Greenes' Guides to Educational Planning: The Hidden Ivies: Thirty Colleges of Excellence Paperback – 25 July 2000
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The Hidden Ivies focuses on liberal arts colleges and universities that are comparable quality to the Ivies. Based on surveys and interviews with students as well as college presidents, deans of faculty, and other administrators, The Hidden Ivies presents an insider perspective of thirty leading institutions of exceptional merit. Thee colleges and universities provide an outstanding educational experience for the gifted college-bound student and provide the foundations for life after graduation.
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In this book, the Greenes focus on what they call the Hidden Ivies, or 30 schools that they consider meet the educational standards of the actual Ivies. These are mainly top-notch small liberal arts colleges often located on the East Coast. Within this list of 30 schools there are not any surprises. These are very well established renowned institutions, which are often nearly as selective as the Ivy League themselves. In other words, the Hidden Ivies are not so hidden. Indeed, try getting in Amherst, Claremont McKenna, Pomona, or Middlebury. If you can, one could argue you may as well apply to Yale, Princeton, and Harvard.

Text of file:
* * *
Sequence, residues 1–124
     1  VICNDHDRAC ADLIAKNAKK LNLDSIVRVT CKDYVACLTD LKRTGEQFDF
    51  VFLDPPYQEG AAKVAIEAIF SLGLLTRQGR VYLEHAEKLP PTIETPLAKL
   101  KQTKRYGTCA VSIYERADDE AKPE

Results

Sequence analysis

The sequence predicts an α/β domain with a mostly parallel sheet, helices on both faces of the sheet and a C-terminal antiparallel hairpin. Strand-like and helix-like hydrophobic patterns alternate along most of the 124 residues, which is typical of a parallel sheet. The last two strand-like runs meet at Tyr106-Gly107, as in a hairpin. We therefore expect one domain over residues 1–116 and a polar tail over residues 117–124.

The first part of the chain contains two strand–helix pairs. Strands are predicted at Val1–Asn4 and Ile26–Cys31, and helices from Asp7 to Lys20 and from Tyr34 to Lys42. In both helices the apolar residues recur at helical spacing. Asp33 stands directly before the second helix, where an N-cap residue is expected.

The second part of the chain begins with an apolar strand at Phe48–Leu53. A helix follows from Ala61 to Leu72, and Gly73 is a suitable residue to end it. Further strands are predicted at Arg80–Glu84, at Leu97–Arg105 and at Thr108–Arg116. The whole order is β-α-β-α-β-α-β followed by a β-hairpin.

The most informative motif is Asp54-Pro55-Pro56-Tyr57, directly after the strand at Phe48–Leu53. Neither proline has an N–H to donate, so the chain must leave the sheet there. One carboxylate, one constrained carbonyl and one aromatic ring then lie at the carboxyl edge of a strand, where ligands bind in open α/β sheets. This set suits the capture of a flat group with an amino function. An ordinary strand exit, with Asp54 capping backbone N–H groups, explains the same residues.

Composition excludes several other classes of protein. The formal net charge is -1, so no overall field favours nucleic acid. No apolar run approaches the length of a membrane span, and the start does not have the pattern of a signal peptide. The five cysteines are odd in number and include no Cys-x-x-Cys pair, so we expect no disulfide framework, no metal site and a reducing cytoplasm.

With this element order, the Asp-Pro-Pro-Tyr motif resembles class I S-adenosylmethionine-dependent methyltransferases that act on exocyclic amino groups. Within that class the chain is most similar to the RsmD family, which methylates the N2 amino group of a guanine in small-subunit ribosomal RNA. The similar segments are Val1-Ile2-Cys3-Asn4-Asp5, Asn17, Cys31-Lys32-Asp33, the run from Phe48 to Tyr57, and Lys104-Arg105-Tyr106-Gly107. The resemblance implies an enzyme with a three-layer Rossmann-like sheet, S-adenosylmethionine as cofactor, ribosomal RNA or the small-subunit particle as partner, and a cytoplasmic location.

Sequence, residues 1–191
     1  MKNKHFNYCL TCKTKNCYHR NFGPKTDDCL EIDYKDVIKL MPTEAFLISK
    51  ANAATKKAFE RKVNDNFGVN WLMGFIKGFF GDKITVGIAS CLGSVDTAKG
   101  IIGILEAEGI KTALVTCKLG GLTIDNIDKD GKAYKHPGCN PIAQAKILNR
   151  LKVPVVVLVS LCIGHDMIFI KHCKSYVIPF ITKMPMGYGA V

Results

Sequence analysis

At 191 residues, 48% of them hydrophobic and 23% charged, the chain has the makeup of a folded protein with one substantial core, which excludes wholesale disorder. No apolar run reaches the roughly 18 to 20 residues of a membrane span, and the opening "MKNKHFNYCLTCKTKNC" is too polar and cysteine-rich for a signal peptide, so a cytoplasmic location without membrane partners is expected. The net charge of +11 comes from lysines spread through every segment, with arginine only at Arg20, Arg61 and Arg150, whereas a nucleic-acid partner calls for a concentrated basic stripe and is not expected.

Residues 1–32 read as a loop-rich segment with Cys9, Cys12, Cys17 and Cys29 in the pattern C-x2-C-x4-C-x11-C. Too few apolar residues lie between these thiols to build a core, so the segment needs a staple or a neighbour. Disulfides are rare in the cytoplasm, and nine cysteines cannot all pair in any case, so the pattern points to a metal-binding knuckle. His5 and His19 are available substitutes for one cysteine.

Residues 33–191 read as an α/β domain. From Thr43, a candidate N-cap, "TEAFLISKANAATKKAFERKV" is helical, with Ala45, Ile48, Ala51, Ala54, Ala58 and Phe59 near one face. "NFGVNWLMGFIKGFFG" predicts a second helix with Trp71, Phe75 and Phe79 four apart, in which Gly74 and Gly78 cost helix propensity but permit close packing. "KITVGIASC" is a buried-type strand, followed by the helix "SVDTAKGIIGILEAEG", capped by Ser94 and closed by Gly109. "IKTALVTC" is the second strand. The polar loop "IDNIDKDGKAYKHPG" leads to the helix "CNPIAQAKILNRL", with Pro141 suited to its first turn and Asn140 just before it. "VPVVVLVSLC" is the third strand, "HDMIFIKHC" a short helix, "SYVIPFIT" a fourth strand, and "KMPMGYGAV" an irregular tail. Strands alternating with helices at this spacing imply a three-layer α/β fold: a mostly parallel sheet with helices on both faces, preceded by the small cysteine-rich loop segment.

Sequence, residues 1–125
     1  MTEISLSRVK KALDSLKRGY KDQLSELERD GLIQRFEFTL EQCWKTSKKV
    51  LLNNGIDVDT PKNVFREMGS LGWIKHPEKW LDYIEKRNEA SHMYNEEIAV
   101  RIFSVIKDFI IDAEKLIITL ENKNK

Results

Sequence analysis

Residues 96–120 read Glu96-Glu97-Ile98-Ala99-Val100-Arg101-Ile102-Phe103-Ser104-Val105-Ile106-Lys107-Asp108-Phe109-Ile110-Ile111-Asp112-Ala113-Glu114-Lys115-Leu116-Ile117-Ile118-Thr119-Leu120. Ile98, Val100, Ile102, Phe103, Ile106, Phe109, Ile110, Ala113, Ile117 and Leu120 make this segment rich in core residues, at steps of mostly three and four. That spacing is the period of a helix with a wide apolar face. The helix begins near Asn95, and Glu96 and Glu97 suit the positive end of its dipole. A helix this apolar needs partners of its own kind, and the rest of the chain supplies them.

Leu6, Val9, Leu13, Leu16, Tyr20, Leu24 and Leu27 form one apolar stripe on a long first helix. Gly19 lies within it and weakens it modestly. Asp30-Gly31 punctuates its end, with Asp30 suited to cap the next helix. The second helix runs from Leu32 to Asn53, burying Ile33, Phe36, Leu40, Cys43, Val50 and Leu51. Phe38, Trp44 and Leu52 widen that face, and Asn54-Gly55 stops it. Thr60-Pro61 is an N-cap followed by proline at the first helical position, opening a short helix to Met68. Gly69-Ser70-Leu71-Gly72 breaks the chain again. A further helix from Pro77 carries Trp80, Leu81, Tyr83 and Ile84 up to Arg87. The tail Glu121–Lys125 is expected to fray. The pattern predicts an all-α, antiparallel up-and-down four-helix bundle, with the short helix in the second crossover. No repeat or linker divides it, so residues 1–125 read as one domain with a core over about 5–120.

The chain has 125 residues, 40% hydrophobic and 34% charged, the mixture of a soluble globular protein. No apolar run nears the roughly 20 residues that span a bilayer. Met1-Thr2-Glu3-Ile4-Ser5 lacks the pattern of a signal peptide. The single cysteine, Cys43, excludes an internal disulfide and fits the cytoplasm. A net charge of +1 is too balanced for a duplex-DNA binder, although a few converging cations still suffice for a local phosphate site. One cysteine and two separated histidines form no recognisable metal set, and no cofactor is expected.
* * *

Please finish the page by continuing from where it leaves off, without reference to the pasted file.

The Greenes make a good case that the Hidden Ivies offer a superior education that even the actual Ivies can't match. This superior education is a liberal arts curriculum offered on small residential campuses where the institution is often dedicated solely to undergraduate students. This is in contrast to the more prestigious Ivies where a significant amount of resources is diverted towards graduate programs and research. The Greenes further advance their case by sharing the superior record that some of the smaller Hidden Ivies have in the % of their graduates they send on to complete PhDs.
This book is filled with very useful information, including: a) main tips for parents with a child going through the admission process at a Hidden Ivy, b) tips for students, c) tips on what it takes to get in, and d) indication for parents that the actual college choice was a success.